The killings peaked at different times in different regions. The majority of killings in Central Java were over by December 1965, while killings in Bali and in parts of Sumatra took place mainly in early 1966. Although the most intense of the killings were over by mid-March 1966, sporadic executions took place in most regions until at least 1970, and there were major military operations against alleged communist underground movements in West Kalimantan, Purwodadi (Central Java), and South Blitar (East Java) from 1967 to 1969.
It is generally believed that the killings were most intense in Central and East Java, where they were fueled by religious tensions between santri (orthodox Muslims) and abangan (followers of a syncretic local Islam heavily influenced by pre-Islamic belief and practice). In Bali, class and religious tensions were strong; and in North Sumatra, the military managers of state-owned plantations had a special interest in destroying the power of the communist plantation workers' unions. There were pockets of intense killing, however, in other regions. The total number of victims to the end of 1969 is impossible to estimate reliably, but many scholars accept a figure of about 500,000. The highest estimate is 3,000,000.
Aidit, who went underground immediately after the failure of the coup, was captured and summarily executed, as were several other party leaders. Others, together with the military leaders of the September 30 Movement, were tried in special military tribunals and condemned to death. Most were executed soon afterward, but a few were held for longer periods, and the New Order periodically announced further executions. A few remained in jail in 1998 and were released by Suharto's successor, President B. J. Habibie.
It is important to note that Chinese Indonesians were not, for the most part, a significant group among the victims. Although Chinese have repeatedly been the target of violence in independent Indonesia, and although there are several reports of Chinese shops and houses being looted between 1965 and 1966, the vast majority of Chinese were not politically engaged and were expressly excluded from the massacres of communists in most regions.
Outside the capital, Jakarta, the army used local informants and captured party documents to identify its victims. At the highest level, however, the military also used information provided by United States intelligence sources to identify some thousands of people to be purged. Although the lists provided by the United States have not been released, it is likely that they included both known PKI leaders and others whom the American authorities believed to be agents of communist
Alongside the massacres, the army detained leftists on a massive scale. According to official figures, between 600,000 and 750,000 people passed through detention camps for at least short periods after 1965, though some estimates are as high as 1,500,000. These detentions were partly adjunct to the killingsictims were detained prior to execution or were held for years as an alternative to executionut the detainees were also used as a cheap source of labor for local military authorities. Sexual abuse of female detainees was common, as was the extortion of financial contributions from detainees and their families. Detainees with clear links to the PKI were dispatched to the island of Buru, in eastern Indonesia, where they were used to construct new agricultural settlements. Most detainees were released by 1978, following international pressure.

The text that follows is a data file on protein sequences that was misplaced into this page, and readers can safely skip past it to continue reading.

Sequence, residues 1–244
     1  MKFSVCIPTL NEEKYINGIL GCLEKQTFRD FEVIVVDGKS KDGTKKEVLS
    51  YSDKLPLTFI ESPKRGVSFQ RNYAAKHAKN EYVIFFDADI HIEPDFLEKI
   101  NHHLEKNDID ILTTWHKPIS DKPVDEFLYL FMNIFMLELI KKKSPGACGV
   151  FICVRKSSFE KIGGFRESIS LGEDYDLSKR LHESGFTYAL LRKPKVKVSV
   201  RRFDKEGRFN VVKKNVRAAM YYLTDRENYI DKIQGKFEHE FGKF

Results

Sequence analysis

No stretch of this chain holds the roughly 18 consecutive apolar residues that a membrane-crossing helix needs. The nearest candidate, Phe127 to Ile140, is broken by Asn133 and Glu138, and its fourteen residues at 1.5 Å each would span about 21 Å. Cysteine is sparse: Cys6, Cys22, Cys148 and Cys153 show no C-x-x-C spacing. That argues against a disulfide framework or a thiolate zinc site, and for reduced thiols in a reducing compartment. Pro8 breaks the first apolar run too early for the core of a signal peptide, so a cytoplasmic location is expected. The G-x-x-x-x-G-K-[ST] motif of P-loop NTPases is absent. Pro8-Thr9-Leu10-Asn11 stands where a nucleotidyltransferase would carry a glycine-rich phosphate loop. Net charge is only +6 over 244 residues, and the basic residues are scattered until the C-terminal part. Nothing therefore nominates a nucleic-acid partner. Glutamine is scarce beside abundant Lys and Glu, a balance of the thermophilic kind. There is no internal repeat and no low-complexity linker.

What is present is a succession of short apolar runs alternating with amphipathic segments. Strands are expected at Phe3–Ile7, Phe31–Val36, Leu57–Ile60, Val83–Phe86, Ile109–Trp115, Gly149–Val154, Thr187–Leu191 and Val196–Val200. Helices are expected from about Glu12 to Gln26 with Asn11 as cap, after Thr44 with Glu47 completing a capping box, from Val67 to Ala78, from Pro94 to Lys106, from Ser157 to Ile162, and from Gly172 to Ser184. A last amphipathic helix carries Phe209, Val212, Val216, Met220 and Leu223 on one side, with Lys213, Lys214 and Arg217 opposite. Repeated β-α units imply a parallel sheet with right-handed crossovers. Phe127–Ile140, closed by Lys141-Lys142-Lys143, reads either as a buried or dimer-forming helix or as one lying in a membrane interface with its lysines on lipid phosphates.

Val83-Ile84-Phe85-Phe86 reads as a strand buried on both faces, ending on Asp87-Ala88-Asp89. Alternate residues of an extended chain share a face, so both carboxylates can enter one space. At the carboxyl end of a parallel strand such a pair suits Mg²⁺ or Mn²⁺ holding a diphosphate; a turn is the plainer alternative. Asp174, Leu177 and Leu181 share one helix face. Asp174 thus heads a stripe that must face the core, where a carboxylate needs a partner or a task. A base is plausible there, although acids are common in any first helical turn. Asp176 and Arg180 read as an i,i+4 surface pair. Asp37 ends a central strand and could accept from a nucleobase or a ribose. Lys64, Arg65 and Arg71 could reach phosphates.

Even after 1978, the regime continued to discriminate against former detainees and their families. Former detainees commonly had to report to the authorities at fixed intervals (providing opportunities for extortion). A certificate of non-involvement in the 1965 coup was required for government employment or employment in education, entertainment, or strategic industries. From the early 1990s, employees in these categories were required to be "environmentally clean," meaning that even family members of detainees born after 1965 were excluded from many jobs, and their children faced harassment in school. A ban on such people being elected to the legislature was lifted only in 2004. A ban on the teaching of Marxism-Leninism remains in place.
Although the 1948 United Nations Convention on Genocide does not acknowledge political victims as victims of genocide, the Indonesian case indicates that the distinction between victims defined by "national, ethnical, racial, or religious" identity on the one hand and political victims on the other may be hard to sustain. Indonesian national identity is defined politically, rather than by ethnicity or religion, so that the communist victims of 1965 and after, constituting a different political vision of Indonesia from that of their enemies, may be said by some to have constituted a national group.
SEE ALSO East Timor; Kalimantan; West Papua, Indonesia (Irian Jaya)